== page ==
Myanmar is slowly emerging from 50 years of isolation and military rule. Even after the victory of the pro-democracy party in November elections, the country is fragile and fragmented. The military still holds much political power. The country is struggling with entrenched poverty. Decades of ethnic and regional warfare have left Myanmar with more armed groups than there are candidates in the U.S. Republican presidential primary.
What could improve this situation? Maybe malaria.
Last summer in Washington, D.C., more than a dozen of the country’s officials, military leaders, opposition politicians and ethnic groups — people with a long history of mutual distrust — met to discuss how to combat this deadly parasite. Some of these groups had never sat at the same table to discuss anything. Now, engaged in what might be called “disease diplomacy,” they agreed to cooperate on malaria elimination no matter what happened in the election or what became of ongoing cease fire negotiations.
Malaria is a major health and economic problem for Myanmar, where 300,000 people are afflicted every year.
Malaria is a major health and economic problem for Myanmar, where 300,000 people are afflicted every year. More than 75% of malaria deaths in Southeast Asia happen in Myanmar. Particularly worrying is that drug-resistant malaria is on the rise there; if these parasites spread to surrounding countries and then to Africa — as happened in the 1970s — it could kill millions.
The meeting was a model for how to use science and medicine not only to solve important health problems, but also to foster wider social and political change.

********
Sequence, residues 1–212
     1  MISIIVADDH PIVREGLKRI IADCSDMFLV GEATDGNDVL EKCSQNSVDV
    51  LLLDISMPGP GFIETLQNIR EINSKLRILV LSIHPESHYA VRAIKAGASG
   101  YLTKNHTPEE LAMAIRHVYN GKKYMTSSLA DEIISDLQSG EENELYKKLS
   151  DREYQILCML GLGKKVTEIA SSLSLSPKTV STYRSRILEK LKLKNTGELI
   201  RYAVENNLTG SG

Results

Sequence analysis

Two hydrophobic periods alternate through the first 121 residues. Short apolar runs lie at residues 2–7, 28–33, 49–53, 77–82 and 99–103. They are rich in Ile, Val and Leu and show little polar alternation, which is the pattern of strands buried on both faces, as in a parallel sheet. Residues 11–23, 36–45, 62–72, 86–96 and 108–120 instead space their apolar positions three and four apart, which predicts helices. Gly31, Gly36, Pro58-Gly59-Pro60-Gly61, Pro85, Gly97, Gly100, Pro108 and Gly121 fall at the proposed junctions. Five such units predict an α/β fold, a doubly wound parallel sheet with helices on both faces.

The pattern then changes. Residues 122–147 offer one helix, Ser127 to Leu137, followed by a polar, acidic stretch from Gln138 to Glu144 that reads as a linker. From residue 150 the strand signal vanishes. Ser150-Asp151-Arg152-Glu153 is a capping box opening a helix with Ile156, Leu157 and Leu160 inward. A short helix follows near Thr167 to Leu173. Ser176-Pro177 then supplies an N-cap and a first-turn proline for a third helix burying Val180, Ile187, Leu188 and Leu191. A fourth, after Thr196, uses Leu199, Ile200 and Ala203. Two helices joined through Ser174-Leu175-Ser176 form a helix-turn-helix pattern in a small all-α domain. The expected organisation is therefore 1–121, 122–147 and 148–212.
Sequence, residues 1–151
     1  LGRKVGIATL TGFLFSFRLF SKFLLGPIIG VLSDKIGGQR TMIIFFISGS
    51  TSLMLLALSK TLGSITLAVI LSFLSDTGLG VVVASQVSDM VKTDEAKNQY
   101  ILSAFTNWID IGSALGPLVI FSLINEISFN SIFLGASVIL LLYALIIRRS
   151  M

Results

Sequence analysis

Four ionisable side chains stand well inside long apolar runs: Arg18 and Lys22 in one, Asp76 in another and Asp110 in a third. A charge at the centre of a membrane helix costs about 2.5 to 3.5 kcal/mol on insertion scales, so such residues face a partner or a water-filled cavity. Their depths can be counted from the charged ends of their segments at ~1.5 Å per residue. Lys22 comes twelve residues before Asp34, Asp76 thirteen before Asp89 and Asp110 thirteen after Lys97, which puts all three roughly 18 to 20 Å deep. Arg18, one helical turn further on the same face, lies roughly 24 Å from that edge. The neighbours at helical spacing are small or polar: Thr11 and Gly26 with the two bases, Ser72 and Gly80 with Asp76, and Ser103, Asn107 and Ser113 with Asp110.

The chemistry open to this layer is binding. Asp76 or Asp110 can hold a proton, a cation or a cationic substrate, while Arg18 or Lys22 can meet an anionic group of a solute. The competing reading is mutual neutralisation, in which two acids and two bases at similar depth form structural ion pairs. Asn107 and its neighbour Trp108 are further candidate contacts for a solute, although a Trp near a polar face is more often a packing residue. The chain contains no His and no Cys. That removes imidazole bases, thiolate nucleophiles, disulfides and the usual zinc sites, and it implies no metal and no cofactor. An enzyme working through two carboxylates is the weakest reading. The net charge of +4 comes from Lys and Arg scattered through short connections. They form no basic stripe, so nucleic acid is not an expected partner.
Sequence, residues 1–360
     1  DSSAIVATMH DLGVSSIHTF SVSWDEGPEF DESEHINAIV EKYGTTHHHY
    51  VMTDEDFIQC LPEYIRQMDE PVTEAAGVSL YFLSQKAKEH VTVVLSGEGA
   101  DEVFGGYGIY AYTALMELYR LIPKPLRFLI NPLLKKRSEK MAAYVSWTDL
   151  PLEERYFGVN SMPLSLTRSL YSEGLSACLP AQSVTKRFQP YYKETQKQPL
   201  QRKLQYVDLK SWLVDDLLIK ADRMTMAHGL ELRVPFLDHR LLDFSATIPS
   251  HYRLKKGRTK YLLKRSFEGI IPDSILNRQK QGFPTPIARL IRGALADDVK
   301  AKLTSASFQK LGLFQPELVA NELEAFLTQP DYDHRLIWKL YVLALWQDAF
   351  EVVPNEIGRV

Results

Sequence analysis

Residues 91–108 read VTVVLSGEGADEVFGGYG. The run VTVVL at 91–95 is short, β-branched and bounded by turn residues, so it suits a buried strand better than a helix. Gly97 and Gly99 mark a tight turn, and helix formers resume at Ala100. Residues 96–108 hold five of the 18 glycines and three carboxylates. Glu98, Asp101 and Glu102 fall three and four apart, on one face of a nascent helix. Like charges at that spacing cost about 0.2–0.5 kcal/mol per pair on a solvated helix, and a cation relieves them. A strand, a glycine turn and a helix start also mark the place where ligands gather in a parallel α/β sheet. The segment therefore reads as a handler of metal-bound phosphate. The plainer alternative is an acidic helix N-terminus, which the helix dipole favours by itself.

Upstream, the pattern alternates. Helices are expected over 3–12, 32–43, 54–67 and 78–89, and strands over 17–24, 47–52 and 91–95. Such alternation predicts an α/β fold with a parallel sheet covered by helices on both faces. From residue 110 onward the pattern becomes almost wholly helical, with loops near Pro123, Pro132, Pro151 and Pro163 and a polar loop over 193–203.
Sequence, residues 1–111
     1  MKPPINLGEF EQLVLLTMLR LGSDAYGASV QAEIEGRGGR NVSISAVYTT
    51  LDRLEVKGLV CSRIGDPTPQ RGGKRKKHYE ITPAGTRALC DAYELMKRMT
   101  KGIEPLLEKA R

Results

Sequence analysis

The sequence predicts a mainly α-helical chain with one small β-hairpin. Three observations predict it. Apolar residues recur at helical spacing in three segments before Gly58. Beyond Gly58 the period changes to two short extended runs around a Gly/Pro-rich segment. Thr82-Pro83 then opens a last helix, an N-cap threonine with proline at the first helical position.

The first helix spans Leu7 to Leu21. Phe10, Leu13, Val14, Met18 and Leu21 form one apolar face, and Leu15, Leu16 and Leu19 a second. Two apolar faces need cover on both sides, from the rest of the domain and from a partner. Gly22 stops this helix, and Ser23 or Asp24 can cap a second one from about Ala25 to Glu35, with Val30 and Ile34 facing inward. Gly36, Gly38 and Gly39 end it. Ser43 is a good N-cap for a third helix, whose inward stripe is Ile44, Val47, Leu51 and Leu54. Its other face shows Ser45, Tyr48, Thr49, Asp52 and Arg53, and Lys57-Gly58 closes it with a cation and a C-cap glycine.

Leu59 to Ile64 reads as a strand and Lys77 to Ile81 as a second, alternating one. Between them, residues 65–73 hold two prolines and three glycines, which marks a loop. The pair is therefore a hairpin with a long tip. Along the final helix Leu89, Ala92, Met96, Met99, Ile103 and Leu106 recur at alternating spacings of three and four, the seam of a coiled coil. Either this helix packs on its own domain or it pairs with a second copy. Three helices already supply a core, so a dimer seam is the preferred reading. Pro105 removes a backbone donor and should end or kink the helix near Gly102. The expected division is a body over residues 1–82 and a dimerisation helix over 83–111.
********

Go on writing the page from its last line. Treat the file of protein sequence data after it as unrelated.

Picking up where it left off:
As public health clinicians and researchers, we have worked all over Myanmar. Some of our field sites can be reached only by a combination of motorcycle, boat and ox cart. But at the end of the journey, we always find dedicated people ready to put aside any differences to fight malaria. Mosquitoes indiscriminately infect government troops, the militias fighting them and poor villagers caught in between. It is everyone’s enemy.
This is not the first time public health has taken precedence over conflict and politics. For 30 years, UNICEF has been negotiating Days of Tranquility in war zones when children can be vaccinated against measles, polio and other diseases. These cease-fires first occurred in El Salvador in 1985; more recently they’ve taken place in the Democratic Republic of Congo, Iraq, Sudan and Somalia. These breaks can be enormously useful: eight years ago, during a three-day break in fighting in Afghanistan, health workers vaccinated 1.4 million children, certainly saving many thousands of lives.
We have heard the same arguments regarding our own anti-malaria efforts in Myanmar. Over the years, those efforts have required working with its military junta, which has been linked to human rights violations. Working with corrupt or repressive regimes lends them credibility, critics say.
We understand these concerns better than most people realize. One of us (Dr. Nyunt) was born in Myanmar and was a student activist in 1988 during the military crackdown of a popular pro-democracy movement. She saw her friends shot down in the streets during protests; like thousands of others, she fled the country.
She put that personal history aside, however, to work closely with government and military officials on its malaria crisis. The fight against deadly diseases can’t wait for political change.
On its own, Myanmar’s coalition against malaria won’t solve the country’s political and social issues. But there is no question that this alliance already has been a catalyst for more dialogue, reconciliation and social change. Linking health and diplomacy can improve the prospects for both — in Myanmar, and in other troubled places as well.
Dr. Myaing Myaing Nyunt and Dr. Christopher Plowe are public health scientists at the Institute for Global Health at the University of Maryland School of Medicine.